Quantcast

Monday, July 21, 2014         

 Print   Email   Comment | View 10 Comments   Most Popular   Save   Post   Retweet

Ex-St. Francis exec, Calif. firm offer to buy 2 Oahu hospitals

By Star-Advertiser staff

POSTED:
LAST UPDATED: 03:25 p.m. HST, May 16, 2012


A former St. Francis Healthcare executive and a California-based medical group have submitted a letter of intent to acquire the shuttered Hawaii Medical Center facilities in Ewa and Liliha, the partnership announced today.
 
Eugene Tiwanak, the former president and chief executive officer of the St. Francis Healthcare Foundation and St. Francis Residential Care Community, has joined with Hampton Health Ltd. Hawaii LLC, in the offer to buy the properties from St. Francis Healthcare System of Hawaii. 
 
The letter was hand-delivered Tuesday but the price remains confidential, according to a news release from the partnership.
 
HMC-West in Ewa and its emergency room abruptly closed in December, creating an immediate strain on Oahu's emergency medical services as ambulances were diverted, overloading other hospitals. HMC-East in Li­liha closed in January. The two are returning to St. Francis Healthcare's control as part of a lengthy and contentious bankruptcy of the hospitals' owner, Hawaii Medical Center.
 
The closures displaced the most vulnerable long-term chronic disease patients, halted lifesaving transplants and resulted in layoffs of nearly 1,000 workers.
 
In bankruptcy filings, a financial adviser for HMC last year estimated the value of the buildings and leasehold interest for the Ewa campus at roughly $28 million
 
Last week, officials from the parent company of the Queen's Medical Center announced an agreement with St. Francis Healthcare that will enable Queen's to explore the feasibility of reopening the Ewa hospital. Queen's officials described the agreement as the first step in a length process.
 
Today's announcement said that Hampton Health Ltd. has obtained the necessary financing from investors to acquire both hospitals.
 
"I have worked in many capacities for the Sisters of St. Francis since 1973, including planning, raising funds, administration and community outreach," said Tiwanak. "It would be a privilege to guide these healthcare institutions as chief executive officer if we can reach agreement with St. Francis Healthcare System."
 
St. Francis Healthcare insists that a buyer must abide by Catholic ethical and religious directives, including prohibiting abortions and assisted suicide, as well as agree to provide indigent care — a requirement that ultimately led to the demise of the hospitals, which serviced primarily low-income patients covered by the state's low-reimbursing Medicaid health insurance program.
 
Tiwanak said Hampton intends to meet those directives. "Hampton Health will continue to operate the hospitals under the beliefs of the Catholic Church," he said.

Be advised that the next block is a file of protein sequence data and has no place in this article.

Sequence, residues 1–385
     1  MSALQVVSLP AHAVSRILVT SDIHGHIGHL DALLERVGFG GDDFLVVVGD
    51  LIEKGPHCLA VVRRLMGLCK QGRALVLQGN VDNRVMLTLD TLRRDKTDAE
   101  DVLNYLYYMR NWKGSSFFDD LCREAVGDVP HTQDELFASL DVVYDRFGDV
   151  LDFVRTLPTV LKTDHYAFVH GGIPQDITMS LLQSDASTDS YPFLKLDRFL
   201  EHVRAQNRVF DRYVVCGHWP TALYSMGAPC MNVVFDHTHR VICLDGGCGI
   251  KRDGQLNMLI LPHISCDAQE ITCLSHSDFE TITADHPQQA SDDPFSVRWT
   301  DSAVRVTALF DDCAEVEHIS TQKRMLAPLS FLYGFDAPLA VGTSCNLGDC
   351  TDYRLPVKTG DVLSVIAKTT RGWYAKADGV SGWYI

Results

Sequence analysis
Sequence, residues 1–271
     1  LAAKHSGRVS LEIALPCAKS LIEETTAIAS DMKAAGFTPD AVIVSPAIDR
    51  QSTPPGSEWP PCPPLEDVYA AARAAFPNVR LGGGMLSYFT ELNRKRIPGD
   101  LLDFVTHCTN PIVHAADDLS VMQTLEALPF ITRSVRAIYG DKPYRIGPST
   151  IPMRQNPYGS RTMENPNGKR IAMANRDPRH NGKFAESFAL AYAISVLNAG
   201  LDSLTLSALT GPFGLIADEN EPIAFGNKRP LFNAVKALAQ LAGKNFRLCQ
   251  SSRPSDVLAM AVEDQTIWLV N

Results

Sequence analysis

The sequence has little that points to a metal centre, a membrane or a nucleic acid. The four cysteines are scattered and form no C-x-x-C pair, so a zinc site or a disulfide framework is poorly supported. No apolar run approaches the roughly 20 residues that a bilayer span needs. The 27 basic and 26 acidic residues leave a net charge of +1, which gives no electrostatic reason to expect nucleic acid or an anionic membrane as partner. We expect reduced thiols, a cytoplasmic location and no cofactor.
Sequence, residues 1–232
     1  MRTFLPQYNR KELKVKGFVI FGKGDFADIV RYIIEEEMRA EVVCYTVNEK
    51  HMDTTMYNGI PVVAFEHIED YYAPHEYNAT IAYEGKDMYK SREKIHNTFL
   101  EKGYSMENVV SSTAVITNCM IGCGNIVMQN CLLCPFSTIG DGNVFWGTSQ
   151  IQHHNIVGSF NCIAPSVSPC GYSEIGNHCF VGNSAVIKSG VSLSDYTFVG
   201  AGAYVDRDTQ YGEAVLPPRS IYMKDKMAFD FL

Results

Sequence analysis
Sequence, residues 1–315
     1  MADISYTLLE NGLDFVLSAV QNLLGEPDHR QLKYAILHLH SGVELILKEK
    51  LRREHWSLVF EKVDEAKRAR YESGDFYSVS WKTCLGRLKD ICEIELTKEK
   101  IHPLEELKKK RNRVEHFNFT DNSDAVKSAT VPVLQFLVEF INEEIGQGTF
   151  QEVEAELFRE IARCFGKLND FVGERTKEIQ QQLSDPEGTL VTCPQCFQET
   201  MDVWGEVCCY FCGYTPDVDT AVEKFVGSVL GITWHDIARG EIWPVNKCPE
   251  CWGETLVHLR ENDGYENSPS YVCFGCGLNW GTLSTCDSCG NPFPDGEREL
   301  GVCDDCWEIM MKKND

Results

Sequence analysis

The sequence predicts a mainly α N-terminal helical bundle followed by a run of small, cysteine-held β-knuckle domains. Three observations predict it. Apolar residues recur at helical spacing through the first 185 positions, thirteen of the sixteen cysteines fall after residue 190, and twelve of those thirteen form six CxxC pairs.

Hampton Health would expand medical services and programs, particularly at the Ewa hospital, according to the announcement. Tiwanak also said Hampton Health was interested in partnering with Hawaii-based medical service providers, and in acquiring the fee interest in both campuses. However, the company would also be open to discussing a long-term lease acquisition, he added. 
 
Hampton Health Ltd. was founded by Dr. John H. Fullerton and is based in San Francisco.







 Print   Email   Comment | View 10 Comments   Most Popular   Save   Post   Retweet

COMMENTS
(10)
You must be subscribed to participate in discussions
By participating in online discussions you acknowledge that you have agreed to the TERMS OF SERVICE. An insightful discussion of ideas and viewpoints is encouraged, but comments must be civil and in good taste, with no personal attacks. Because only subscribers are allowed to comment, we have your personal information and are able to contact you. If your comments are inappropriate, you may receive a warning, and if you persist with such comments you may be banned from posting. To report comments that you believe do not follow our guidelines, email commentfeedback@staradvertiser.com.
Leave a comment

Please login to leave a comment.
Changalang wrote:
There are many things in play including insurance claims for flood damage. An $80 million dollar bond from the State introduced by an ex-St. Francis nurse who currently heads the State House of Representatives as Chair of Housing that does not result in much needed SNF beds for the State may very well be the scr3w job that exhausts all goodwill an a small island where culturally people have very very long memories and a dedicated desire for "justice". CMS is not the only investigation arm of the Federal gov't. Food for thought. :) Let's all hope that Westside gets a hospital open ASAP from a capable management entity, whoever that may end up to be. Outsiders wading into the local healthcare market usually don't fare well. What ever happened to Summerlin anyway? Many had reservations about the bond and the timing of the bill. I guess we will all see. God works in mysterious ways. LOL.
on May 16,2012 | 04:05PM
Changalang wrote:
We all know Calvin currently runs the House; typo. Cabinilla is House Housing Chair. Sorry about the confusing run on sentence.
on May 16,2012 | 04:22PM
Changalang wrote:
Addendum: " HB2345 RELATING TO THE ISSUANCE OF SPECIAL PURPOSE REVENUE BONDS TO ASSIST ST. FRANCIS HEALTHCARE SYSTEM OF HAWAII. Report Title: St. Francis Healthcare System; SPRB Description: Authorizes the issuance of special purpose revenue bonds of up to $80,000,000, for St. Francis Healthcare System to finance the construction, improvement, and equipment of its healthcare facilities. Effective July 1, 2050. (HB2345 HD1) Companion: Package: None Current Referral: HTH, WAM Introducer(s): CABANILLA, AQUINO, CHING, CULLEN, HAR, RHOADS, SAY, YAMANE " . . . Just so people know that what is stated is factual . . . " Rida Cabanilla is a Democratic member of the Hawaii House of Representatives, representing the 42nd District since 2005 . . . Registered Nurse at Saint Francis Medical Center, Critical Care." (Ballotpedia) Just keeping it real. Seems there are a lot of skeletons in the closet with the door just cracked open a wee bit.
on May 16,2012 | 06:49PM
jtamura69 wrote:
First of all, I didn't know that it was a Catholic belief to value money over human life? They showed their true belifs when they kicked out all those patients. Hamilton Health will probably run it back into bankruptcy. It would have been better to sell it to someone like Queen's Health who know what they're doing.